One of the most prominent philosophers in the conservative canon is Edmund Burke, critic of the French revolution and its high-minded ideals. This Burkean critique of revolution is then applied to left reform policies today to justify maintaining a crumbling status quo. But this move is illegitimate, for reasons that lie in Burke’s own Reflections on the Revolution in France, which lay the foundations for a critique of capitalism that animates the left, not the right, of today’s political spectrum. Conservatism in Burke’s day stood against liberalism, the ideology of the bourgeoisie, or emerging mercantile middle class. Today, by implication, true conservatism stands against the system this class created: capitalism.
In Burke’s Reflections, the French Revolution is traced to the creation of money from money: profiteering from rent-seeking on sovereign debt. The French government became entangled with an emerging international bond market, leading to the collapse of the government’s credibility in the run-up to the revolution and the collapse of the middle class’ trust in the government. The American revolution was similarly led by the middle class, although allied with a southern aristocracy, similar to the compromise between bourgeoisie and aristocratic monarchy in Britain a century before.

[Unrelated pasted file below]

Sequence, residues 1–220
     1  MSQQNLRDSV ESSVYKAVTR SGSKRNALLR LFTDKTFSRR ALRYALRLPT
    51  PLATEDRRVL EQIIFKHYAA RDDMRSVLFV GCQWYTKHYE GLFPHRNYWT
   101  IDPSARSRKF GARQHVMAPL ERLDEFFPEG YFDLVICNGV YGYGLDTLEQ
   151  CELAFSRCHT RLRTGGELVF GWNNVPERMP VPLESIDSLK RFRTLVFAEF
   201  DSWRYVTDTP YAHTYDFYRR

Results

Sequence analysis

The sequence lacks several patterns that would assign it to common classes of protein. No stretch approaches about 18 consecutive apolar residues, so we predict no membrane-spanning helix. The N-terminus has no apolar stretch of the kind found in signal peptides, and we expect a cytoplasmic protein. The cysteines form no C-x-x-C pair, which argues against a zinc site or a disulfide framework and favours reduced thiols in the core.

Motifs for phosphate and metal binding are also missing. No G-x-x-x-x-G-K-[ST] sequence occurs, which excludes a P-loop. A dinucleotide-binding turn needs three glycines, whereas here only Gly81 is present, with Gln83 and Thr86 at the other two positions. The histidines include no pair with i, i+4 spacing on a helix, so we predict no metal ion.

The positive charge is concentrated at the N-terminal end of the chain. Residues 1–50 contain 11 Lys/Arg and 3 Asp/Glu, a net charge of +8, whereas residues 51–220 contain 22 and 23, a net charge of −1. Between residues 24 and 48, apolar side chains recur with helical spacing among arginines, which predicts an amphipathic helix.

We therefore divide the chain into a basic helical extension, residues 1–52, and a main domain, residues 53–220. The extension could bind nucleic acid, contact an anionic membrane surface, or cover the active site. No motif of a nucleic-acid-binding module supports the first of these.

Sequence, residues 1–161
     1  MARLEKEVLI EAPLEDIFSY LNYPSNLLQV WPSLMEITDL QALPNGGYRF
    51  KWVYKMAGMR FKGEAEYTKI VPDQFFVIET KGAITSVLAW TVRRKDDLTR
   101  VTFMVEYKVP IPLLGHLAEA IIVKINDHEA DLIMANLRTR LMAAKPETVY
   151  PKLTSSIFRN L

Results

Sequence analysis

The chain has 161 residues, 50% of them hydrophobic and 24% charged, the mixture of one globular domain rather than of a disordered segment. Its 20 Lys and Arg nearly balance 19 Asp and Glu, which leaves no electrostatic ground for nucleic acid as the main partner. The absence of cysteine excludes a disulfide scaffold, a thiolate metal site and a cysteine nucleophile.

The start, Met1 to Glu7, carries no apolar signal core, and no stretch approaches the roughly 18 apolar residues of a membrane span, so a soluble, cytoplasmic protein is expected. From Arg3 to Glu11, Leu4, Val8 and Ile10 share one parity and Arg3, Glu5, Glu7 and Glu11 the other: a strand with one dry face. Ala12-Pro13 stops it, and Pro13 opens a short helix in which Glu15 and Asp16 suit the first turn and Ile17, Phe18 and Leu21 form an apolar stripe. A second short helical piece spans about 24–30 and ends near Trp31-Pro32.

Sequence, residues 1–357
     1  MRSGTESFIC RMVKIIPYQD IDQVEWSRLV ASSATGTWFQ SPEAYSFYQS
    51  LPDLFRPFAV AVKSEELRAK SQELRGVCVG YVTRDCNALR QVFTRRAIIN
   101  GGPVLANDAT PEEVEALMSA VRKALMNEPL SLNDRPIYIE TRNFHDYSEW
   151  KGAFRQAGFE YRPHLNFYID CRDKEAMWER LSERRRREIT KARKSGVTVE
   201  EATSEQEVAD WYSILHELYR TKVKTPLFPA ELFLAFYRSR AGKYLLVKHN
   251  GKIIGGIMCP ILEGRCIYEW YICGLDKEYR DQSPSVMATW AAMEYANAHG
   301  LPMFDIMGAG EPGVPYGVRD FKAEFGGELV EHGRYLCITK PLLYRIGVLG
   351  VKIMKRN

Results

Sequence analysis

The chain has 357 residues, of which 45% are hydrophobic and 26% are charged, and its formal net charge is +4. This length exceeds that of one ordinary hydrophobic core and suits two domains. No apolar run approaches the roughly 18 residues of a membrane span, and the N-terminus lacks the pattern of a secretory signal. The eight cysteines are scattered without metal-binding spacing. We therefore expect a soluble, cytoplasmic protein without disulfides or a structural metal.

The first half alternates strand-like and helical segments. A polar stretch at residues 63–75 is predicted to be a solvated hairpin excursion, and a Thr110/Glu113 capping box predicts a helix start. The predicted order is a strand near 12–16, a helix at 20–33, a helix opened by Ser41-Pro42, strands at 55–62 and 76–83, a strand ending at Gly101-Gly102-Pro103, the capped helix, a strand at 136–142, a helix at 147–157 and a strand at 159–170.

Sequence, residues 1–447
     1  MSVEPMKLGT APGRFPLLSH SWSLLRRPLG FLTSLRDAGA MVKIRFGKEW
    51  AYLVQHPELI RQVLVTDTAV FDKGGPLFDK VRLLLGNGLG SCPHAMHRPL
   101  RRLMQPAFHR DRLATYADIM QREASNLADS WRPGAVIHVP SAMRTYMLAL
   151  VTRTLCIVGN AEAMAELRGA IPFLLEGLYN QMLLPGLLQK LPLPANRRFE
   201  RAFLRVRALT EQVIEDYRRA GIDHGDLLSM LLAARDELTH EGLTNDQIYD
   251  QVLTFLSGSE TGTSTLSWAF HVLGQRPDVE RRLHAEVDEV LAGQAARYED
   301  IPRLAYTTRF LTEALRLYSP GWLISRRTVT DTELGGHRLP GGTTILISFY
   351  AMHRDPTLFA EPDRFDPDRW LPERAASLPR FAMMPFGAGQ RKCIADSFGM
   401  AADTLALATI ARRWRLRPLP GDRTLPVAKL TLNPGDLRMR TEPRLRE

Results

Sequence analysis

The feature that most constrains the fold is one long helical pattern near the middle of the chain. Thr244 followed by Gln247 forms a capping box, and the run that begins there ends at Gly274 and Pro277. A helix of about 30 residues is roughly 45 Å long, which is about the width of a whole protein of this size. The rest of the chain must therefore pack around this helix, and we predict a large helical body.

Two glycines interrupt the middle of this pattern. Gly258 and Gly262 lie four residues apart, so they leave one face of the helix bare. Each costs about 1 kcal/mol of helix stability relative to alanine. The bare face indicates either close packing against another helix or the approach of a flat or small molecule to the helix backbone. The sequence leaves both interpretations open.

These liberal revolutions, then, ushered in the age of capitalism. Burke found that the liberal fetish for the individual was anchored in the capitalistic pursuit of profit, distracting us from chivalric values and virtues. As money replaced chivalry, community shattered as commercial society expanded. For Burke, conservatism was not aligned with capitalism; it was aligned against it — because capitalism does not conserve; it destroys.
In a recent interview by the late Roger Scruton, a supposedly Burkean conservative, Scruton takes aim at the ‘negative’ and ‘destructive’ politics of the left. It is partially true — a little like liberal capitalism in its formative years, which destroyed medieval feudalism in the market state’s violent clashes with peasantry and aristocracy alike, the left seeks to supplant capitalism with a new social order, like socialism. But the left seeks to do this peacefully at the end of capitalism’s life, once all the ‘productive forces’ have been developed. Instead, in history, socialism was never tried in advanced capitalist states with developed democracies — only in backward feudal states with entrenched monarchies, like Tsarist Russia and post-imperial nationalist China. The result was ‘communism’, which is an ironic name for a system that did not see the ‘withering away’ of the state, as Marx predicted, but the elevation of the state to a Hobbesian level of extreme power over its citizens.